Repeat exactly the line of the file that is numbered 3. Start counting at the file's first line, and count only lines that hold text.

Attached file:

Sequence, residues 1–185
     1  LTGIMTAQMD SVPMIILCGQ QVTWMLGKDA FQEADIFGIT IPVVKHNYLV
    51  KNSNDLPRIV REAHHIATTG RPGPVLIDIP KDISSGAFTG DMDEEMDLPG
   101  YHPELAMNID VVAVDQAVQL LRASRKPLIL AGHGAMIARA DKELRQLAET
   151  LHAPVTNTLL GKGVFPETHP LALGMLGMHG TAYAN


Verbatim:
    51  KNSNDLPRIV REAHHIATTG RPGPVLIDIP KDISSGAFTG DMDEEMDLPG